Shohei Otani's sweepstakes has ended.
The baseball superstar announced on his Instagram account Saturday that he is signing with the Dodgers.
Ohtani's contract is for 10 years and $700 million, his agent Nez Valero confirmed in a press release.
This is the largest contract in North American sports history.
This news settles the biggest question of the MLB offseason: where Ohtani will be based next season.
The two-way player was the biggest player on the market this year and was already expected to earn a historic contract from his next team.
“I apologize to all the fans and everyone involved in the baseball world for taking so long to reach this decision,'' Otani posted on Instagram. “I have decided to choose the Dodgers as my next team.''
Valero called the deal “unique” and historic.
This includes an “unprecedented delay” to reduce the Dodgers' annual financial burden. According to the Post's Jon Heyman.
The deal with the Dodgers ends Ohtani's six-year stint in Los Angeles and begins a new chapter for the Japanese star.
“First of all, I would like to express my sincere gratitude to everyone involved in the Angels and the fans who have supported me over the past six years, as well as everyone involved in each team who was involved in this negotiation process. “I would like to express this,” Otani wrote. “Especially to the Angels fans who supported me through all the ups and downs, your support and cheers meant the world to me. The six years I spent with the Angels will forever be etched in my heart. ”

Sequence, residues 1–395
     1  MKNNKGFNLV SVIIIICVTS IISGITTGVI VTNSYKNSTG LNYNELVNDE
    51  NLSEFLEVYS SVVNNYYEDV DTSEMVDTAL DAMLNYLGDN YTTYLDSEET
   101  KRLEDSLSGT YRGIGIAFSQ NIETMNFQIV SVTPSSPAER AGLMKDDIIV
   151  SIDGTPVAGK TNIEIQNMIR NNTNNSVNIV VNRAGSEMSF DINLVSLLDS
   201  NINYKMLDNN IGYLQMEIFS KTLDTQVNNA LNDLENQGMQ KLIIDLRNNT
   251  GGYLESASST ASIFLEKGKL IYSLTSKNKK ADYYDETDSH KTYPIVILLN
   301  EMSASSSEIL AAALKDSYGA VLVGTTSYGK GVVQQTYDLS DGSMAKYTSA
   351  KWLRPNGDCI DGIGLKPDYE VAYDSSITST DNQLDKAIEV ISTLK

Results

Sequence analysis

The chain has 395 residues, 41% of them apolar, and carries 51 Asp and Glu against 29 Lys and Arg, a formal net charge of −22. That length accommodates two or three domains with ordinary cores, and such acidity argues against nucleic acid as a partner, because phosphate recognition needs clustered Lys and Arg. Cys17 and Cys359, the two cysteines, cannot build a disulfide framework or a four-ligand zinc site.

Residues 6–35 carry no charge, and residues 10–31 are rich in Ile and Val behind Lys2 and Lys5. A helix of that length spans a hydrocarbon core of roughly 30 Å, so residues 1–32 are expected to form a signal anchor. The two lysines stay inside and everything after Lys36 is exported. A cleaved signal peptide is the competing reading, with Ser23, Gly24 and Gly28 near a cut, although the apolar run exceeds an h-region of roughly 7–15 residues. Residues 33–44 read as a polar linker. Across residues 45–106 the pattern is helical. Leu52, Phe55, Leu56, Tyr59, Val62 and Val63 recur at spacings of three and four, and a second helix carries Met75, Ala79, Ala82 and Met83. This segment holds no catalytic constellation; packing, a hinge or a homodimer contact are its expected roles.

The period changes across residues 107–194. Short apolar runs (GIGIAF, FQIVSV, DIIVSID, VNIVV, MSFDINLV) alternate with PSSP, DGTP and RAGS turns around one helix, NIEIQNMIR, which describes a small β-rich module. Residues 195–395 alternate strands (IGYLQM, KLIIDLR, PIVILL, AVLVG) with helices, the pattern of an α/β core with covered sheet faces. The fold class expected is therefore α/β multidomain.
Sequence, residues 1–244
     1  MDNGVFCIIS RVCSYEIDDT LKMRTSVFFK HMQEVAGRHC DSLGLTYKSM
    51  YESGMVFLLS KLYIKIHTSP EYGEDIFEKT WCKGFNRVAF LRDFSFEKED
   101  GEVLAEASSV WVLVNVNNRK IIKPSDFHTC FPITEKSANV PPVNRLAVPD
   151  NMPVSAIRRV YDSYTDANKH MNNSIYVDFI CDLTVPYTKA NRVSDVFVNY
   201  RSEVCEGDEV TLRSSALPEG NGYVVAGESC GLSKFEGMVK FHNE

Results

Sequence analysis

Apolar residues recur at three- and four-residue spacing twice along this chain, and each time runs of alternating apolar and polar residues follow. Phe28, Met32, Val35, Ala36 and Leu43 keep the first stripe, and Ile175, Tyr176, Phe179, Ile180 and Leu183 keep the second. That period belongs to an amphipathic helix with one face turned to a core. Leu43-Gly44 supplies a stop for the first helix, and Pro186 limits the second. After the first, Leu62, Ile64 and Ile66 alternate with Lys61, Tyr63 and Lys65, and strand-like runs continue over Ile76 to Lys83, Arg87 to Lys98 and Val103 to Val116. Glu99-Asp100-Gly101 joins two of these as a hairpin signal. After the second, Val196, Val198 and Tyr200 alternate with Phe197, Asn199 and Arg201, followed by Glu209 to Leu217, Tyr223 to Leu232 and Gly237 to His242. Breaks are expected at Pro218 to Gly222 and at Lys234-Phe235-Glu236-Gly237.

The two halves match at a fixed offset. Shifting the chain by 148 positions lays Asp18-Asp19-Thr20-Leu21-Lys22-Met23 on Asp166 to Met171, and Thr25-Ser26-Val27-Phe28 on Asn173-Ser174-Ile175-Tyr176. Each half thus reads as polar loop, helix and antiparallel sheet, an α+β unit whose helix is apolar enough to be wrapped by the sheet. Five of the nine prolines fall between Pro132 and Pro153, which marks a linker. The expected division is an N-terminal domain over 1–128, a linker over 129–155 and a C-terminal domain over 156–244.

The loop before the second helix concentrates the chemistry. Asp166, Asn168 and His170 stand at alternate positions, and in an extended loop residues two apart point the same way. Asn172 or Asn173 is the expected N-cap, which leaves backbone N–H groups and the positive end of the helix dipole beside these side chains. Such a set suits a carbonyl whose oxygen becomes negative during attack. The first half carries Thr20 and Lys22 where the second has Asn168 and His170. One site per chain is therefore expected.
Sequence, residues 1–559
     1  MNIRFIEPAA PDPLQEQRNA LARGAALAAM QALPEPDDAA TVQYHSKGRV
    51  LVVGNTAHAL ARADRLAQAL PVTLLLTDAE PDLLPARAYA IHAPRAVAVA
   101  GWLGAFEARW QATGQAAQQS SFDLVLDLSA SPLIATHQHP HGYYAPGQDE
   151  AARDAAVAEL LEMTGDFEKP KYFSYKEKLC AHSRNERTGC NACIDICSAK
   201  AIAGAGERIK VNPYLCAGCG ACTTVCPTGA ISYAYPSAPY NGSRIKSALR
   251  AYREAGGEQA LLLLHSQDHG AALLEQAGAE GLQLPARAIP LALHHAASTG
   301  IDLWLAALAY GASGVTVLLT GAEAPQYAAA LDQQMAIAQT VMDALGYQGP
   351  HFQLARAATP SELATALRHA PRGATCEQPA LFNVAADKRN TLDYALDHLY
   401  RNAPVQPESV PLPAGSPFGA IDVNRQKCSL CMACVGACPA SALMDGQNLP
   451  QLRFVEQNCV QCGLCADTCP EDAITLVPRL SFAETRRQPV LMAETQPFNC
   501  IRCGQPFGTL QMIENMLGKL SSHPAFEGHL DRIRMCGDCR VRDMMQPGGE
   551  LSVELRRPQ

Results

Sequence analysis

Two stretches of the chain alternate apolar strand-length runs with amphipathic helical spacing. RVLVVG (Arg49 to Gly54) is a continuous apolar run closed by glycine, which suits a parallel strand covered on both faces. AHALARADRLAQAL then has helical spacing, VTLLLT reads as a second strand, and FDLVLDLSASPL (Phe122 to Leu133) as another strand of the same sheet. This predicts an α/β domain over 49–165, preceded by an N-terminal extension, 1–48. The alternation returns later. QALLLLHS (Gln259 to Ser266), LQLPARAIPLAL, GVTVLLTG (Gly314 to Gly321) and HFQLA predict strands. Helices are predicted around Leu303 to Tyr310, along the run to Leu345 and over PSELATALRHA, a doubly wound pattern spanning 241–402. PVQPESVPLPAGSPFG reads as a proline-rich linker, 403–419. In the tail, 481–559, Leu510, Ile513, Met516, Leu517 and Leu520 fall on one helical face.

Ohtani's deal comes after the Yankees acquired Juan Soto in a blockbuster trade with the Padres late Wednesday night.
In six seasons with Angeles, Ohtani batted .274 with 171 home runs and 437 RBIs.
During that same span, Ohtani went 38-19 with a 3.03 ERA off the mound.
“And to all Dodgers fans, I pledge to always do what's best for the team and to always do my best to be the best version of myself,” Ohtani wrote. “Until my last day as an active player, I will continue to work hard not only for the Dodgers, but also for the baseball world.''
Ohtani's injury-shortened season will end in 2023, when he was unanimously named American League MVP.
This season, he hit .304/.412/.654, led the American League with 44 home runs, and led all major leagues in OPS with 1.066.
Ohtani was just as effective off the hill, posting a 10-5 record and a 3.14 ERA, striking out 167 batters in 132 innings.
The 29-year-old phenom, who came to the United States and signed with the Angels in 2017, finished playing on the mound after having his ulnar collateral ligament repaired on Aug. 23, but continued to hit for several weeks.
Ohtani injured his elbow in September, so it's highly unlikely he'll be able to pitch next season.
Ohtani is expected to be ready to hit in the 2024 season and be able to return to the mound in 2025.
“Rehabilitation-wise, it's going really well so far, really well,” Ohtani told MLB Network after earning AL MVP honors. “I feel much better and faster than when I first had this surgery. But at the same time, you can't rush things. You have to take everything slowly and take the right steps. My plan is We hope to come back strong next year.”